Just a heads up that I won't be around for a couple of weeks (please no tears) but before I go....
Now I know I only have a small space in the wedding world (at the moment *wink* *wink* *nudge* *nudge*) but I would love for you to do something for me.
Sarah, of San Francisco Budget Wedding, is a finalist in a competition to win her wedding photography from Thirty Something Bride by Carissa of Dulce Photography. Her story is one of love, maybe a little fate, a little sadness but ultimately joy. It would make me so happy if she could take a moment to help a lady out.
I also heart Louise from Thirty Something Bride. She is all shades of awesome! Her unfake wedding series makes me very happy.
If you want to know a little more, you can read a little more below,
I humbly offer you,
SARAH & TONY
(Sarah, I hope you know I think I have found a friend for life in you)
She is so eloquently wise. I mean just read her beautiful words below.
"What is your definition of “marriage?”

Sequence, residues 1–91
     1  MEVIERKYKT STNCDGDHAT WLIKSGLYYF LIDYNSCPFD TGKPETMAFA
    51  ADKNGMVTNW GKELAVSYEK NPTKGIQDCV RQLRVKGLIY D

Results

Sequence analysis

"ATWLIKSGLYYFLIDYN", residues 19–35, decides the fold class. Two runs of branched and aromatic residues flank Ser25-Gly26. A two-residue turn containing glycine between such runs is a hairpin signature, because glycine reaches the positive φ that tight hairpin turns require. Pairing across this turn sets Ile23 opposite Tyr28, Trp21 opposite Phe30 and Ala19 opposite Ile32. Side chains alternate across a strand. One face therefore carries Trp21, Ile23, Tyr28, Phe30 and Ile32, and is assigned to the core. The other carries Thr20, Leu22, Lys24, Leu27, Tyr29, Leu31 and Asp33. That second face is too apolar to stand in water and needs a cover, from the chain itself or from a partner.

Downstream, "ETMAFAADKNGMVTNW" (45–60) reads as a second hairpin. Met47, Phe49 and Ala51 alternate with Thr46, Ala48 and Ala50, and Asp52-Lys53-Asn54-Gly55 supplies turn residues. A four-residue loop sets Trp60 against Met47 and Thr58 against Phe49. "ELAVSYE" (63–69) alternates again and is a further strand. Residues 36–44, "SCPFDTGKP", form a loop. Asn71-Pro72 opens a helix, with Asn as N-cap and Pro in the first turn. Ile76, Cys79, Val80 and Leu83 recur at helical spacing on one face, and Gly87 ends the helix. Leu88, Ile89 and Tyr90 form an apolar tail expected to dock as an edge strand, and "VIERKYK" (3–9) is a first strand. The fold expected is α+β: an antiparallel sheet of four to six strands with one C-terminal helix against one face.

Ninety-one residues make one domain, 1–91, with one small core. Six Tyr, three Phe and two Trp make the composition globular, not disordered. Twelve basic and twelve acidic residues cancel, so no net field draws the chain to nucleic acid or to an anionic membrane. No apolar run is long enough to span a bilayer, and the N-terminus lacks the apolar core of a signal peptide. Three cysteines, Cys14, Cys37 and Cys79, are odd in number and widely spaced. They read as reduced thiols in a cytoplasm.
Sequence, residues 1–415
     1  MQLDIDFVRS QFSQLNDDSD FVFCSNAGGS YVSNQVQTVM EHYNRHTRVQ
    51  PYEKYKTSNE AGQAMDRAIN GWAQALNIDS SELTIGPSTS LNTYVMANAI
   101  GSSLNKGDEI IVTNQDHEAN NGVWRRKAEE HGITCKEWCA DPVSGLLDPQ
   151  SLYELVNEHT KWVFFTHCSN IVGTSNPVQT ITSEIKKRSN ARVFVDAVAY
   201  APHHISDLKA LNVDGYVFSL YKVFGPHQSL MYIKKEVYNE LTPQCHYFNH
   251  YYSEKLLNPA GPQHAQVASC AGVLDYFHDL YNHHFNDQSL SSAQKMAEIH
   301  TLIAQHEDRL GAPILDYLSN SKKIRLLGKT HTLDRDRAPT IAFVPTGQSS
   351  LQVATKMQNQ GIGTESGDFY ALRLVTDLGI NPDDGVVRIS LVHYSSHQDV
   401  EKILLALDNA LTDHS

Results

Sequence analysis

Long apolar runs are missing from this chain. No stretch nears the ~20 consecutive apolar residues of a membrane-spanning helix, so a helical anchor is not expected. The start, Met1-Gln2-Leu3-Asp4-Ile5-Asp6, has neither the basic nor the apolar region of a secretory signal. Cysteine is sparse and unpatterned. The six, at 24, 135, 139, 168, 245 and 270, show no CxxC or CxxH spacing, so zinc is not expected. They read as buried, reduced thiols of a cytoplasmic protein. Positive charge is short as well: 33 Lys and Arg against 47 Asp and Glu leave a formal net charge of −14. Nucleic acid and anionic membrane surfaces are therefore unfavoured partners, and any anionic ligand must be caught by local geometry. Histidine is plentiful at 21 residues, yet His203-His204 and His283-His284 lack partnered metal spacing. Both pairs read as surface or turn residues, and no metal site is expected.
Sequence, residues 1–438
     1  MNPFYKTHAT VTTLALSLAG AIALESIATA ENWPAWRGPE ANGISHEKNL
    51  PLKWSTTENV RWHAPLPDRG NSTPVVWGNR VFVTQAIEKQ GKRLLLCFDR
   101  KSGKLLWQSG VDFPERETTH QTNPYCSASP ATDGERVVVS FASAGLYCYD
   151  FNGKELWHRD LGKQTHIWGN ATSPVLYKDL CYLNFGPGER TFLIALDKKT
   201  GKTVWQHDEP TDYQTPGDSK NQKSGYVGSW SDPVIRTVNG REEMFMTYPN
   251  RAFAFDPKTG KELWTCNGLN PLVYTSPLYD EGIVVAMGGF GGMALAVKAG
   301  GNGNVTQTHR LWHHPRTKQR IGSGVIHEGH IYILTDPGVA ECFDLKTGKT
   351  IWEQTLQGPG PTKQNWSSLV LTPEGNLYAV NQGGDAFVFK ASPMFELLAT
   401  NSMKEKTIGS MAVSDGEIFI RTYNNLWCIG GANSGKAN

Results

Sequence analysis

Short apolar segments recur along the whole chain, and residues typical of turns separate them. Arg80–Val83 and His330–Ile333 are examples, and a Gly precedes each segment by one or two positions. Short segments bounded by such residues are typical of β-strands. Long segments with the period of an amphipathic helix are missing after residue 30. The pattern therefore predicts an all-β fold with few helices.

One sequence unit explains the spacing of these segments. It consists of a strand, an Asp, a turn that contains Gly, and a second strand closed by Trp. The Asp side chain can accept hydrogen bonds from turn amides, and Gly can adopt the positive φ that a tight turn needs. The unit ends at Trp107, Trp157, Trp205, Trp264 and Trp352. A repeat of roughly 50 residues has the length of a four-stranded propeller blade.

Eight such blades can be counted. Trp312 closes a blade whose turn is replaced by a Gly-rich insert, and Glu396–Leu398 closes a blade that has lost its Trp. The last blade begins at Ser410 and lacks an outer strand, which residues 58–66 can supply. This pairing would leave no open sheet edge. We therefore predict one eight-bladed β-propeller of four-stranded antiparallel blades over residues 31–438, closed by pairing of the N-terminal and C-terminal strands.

I think of marriage as a romantic partnership and the most intimate family. We fill many roles within our relationship: lovers, partners, best friend, coparent, sounding board, life raft and sometimes cattle prod. While many other people can also fill some of these needs, only one person in my life has ever managed to be all of them, and that person is Tony. A few months ago, a friend of mine asked me to write something about what a wedding means to me, and this is what I had to say: In my mind, except in the strictest legal sense, we already are married. We live together; we love one another. He is a wonderful stepfather to my two children, who adore him. We split up the chores and have our disagreements. Under these circumstances, what does the wedding mean to me? To me, it is an end to limbo and the beginning of the next phase of my life. I realize this sounds unromantic, but, you see, I don’t think a wedding is particularly romantic. Our relationship is romantic. Romance was our Meet Cute, when a 17-year-old Tony shyly and slyly waited until I was standing alone in an empty hallway to introduce himself to my 14-year-old self. Romance was our reunion some 22 years later, when we spent four hours sitting on the beach with our foreheads pressed together holding hands, smiling and kissing. Romance was the proposal, when he sat me down on our rumpled bed and told me that I was all the birthday present he wanted. Romance was the first time he whispered against my ear (I could feel his smile) how much he loves my children. But the wedding is about fun, family, and yes, work. “When is Tony going to be my step-dad?” my daughter asked me the other day. “At the wedding next summer, it will be legal, but he’s already your step-dad,” I told her. “But not for real,” she told me. “Not until the wedding.” As usually happens when Bean and I talk, her plain wisdom struck me as infinitely true. The wedding, then, is when our family becomes Real in that same way that the Velveteen Rabbit became Real. Our marriage, though, it began as soon as we gave ourselves into each other’s safe keeping.